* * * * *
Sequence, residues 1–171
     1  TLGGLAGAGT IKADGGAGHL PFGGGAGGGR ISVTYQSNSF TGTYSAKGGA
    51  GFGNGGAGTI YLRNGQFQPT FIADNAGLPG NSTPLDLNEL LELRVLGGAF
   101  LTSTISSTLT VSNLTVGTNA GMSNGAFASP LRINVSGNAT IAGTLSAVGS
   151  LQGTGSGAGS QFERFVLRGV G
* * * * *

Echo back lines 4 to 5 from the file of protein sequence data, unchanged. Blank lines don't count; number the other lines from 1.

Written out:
   101  LTSTISSTLT VSNLTVGTNA GMSNGAFASP LRINVSGNAT IAGTLSAVGS
   151  LQGTGSGAGS QFERFVLRGV G